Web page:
Nicolas Roche, who finished 15th overall in the 2010 Tour de France and seventh in the Vuelta a Espana the same year, will be helping Planet-X launch its 2012 range in Sheffield this weekend, as well as signing copies of his recently published autobiography and leading a ride through the hills of South Yorkshire and it's not too late to be a part of it all if you want to.
This Saturday afternoon, Roche, who is likely to race for Ireland in next summer’s Olympics, will be signing copies of his book at Planet-X’s showroom in Sheffield between noon and 4pm.
Then, on Sunday, he will lead 100 cyclists on a 100km ride through South Yorkshire. Entry costs £35, and for that you also get a signed copy of his book, a goodie bag with a CNP bottle, gels and energy bars, and post-ride refreshment courtesy of Nonna’s, the Italian restaurant in Sheffield which is also something of a hub for local cyclists including Dean and Russell Downing.
Nonna’s will also host the final event of the weekend, a VIP evening between 6pm and 8pm on Sunday with Roche as guest of honour, costing £5 on the door. Full details of the weekend’s programme can be found on the Planet-X website.
The AG2R La Mondiale rider dedicated his book, Inside The Peloton, to former national team manager Frank Campbell, who these days works for Planet-X. Now principal road bike designer at Planet-X, Campbell was an influential figure in the career of the Irish cyclist, who also has a big inpiration closer to home – his father Stephen, winner in 1987 of the Tour de France, Giro d’Italia and world road championship.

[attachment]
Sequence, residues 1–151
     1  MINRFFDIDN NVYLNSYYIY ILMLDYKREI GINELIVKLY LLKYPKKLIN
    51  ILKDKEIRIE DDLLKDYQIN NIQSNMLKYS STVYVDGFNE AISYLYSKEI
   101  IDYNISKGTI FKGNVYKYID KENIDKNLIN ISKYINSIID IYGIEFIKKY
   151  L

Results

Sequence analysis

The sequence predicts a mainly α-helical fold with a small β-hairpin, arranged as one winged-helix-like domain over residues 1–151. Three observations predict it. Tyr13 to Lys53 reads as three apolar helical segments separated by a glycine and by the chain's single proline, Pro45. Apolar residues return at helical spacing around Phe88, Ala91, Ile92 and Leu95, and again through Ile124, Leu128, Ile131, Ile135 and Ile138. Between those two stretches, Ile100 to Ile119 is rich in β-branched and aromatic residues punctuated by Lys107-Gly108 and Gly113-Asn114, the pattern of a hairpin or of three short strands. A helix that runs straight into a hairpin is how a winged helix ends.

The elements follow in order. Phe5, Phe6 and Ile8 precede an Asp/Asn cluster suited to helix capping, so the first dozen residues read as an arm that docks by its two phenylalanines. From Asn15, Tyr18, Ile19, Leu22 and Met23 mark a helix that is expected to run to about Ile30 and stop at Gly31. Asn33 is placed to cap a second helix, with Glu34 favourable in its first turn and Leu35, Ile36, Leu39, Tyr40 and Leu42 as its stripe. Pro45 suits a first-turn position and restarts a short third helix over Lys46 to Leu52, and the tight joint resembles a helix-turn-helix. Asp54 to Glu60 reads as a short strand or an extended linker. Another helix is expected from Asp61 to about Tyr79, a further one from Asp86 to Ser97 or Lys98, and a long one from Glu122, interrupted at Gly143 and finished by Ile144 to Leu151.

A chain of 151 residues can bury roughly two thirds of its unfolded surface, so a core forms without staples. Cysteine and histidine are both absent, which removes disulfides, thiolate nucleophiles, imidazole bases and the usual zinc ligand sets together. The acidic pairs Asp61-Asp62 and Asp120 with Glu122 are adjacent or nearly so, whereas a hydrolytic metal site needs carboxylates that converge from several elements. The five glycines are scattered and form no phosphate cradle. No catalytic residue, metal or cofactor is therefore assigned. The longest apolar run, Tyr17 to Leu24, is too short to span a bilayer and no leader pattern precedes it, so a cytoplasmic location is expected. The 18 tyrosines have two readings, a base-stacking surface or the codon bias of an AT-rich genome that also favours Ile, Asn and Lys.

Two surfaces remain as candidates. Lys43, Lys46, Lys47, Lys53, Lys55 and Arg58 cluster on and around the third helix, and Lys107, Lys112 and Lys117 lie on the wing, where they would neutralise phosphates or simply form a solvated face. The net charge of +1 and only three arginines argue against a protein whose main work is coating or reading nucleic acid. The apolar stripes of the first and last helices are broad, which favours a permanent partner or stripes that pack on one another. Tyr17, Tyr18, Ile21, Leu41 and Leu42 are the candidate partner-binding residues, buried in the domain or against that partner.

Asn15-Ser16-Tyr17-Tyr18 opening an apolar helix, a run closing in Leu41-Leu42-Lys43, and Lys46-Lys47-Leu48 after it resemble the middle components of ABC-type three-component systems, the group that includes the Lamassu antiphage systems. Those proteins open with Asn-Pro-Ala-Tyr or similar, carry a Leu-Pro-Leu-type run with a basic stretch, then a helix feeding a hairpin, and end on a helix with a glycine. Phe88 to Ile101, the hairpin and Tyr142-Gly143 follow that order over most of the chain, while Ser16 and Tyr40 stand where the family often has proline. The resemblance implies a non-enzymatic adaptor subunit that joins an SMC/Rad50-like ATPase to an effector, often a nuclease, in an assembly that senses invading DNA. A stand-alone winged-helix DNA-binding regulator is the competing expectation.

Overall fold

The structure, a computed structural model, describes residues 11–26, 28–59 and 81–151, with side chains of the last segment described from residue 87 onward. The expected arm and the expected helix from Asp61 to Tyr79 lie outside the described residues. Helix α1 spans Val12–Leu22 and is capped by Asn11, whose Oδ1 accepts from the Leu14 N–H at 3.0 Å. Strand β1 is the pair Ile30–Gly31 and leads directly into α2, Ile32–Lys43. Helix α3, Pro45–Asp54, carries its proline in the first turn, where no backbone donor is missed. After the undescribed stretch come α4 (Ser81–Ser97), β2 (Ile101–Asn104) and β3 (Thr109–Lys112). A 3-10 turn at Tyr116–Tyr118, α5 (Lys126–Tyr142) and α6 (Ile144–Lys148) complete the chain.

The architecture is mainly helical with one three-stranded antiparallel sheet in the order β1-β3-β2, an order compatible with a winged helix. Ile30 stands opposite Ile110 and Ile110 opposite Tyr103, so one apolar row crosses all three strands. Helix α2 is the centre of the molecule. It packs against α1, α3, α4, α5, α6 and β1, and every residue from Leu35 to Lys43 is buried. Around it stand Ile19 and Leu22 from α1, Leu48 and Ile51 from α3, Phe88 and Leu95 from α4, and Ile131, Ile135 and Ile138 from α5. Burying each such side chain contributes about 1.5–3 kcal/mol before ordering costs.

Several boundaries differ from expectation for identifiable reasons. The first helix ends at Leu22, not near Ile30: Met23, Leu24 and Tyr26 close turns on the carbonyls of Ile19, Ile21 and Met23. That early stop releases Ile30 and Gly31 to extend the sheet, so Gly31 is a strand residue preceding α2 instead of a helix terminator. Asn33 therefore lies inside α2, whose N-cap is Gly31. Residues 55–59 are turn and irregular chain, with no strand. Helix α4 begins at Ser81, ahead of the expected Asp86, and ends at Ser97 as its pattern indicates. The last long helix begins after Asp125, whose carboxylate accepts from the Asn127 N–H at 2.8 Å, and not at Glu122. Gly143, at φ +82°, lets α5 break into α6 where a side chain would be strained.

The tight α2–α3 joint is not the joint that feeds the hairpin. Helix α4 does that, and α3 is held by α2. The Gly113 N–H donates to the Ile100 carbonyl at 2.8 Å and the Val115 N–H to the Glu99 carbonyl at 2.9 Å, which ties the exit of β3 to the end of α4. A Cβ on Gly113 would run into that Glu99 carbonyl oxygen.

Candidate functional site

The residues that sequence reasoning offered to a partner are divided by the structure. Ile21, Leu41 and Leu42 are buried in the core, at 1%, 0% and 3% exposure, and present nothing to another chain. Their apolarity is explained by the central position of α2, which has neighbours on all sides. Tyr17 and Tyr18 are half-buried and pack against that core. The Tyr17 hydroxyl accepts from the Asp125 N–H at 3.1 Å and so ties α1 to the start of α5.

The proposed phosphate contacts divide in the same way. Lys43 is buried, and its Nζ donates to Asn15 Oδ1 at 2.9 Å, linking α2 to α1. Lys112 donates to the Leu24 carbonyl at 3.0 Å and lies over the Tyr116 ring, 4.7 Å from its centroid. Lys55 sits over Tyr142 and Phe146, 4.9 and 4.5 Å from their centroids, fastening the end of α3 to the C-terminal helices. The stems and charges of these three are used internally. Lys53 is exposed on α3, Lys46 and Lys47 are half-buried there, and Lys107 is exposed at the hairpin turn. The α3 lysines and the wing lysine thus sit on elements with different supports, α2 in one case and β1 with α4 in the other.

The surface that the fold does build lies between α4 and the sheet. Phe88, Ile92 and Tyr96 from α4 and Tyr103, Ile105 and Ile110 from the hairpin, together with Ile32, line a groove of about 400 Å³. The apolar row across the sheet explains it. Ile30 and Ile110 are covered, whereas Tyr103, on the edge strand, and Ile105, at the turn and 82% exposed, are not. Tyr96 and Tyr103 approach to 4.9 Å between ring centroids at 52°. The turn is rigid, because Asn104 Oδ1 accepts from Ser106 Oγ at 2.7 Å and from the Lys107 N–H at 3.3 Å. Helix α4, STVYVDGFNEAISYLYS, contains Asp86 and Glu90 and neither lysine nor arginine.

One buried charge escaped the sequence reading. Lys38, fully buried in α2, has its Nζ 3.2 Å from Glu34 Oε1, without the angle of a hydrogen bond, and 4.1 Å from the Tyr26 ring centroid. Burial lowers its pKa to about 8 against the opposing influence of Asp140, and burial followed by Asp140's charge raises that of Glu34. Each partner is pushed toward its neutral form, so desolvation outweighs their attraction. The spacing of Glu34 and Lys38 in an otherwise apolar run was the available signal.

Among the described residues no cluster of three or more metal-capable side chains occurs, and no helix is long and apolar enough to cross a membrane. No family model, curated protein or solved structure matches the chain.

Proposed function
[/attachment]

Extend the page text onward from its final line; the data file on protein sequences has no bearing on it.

Stephen and Nico Roche © Simon MacMichael
Born in Scotland, Simon moved to London aged seven and now lives in the Oxfordshire Cotswolds with his miniature schnauzer, Elodie. He fell in love with cycling one Saturday morning in 1994 while living in Italy when Milan-San Remo went past his front door. A daily cycle commuter in London back before riding to work started to boom, he's been news editor at road.cc since 2009. Handily for work, he speaks French and Italian. He doesn't get to ride his Colnago as often as he'd like, and freely admits he's much more adept at cooking than fettling with bikes.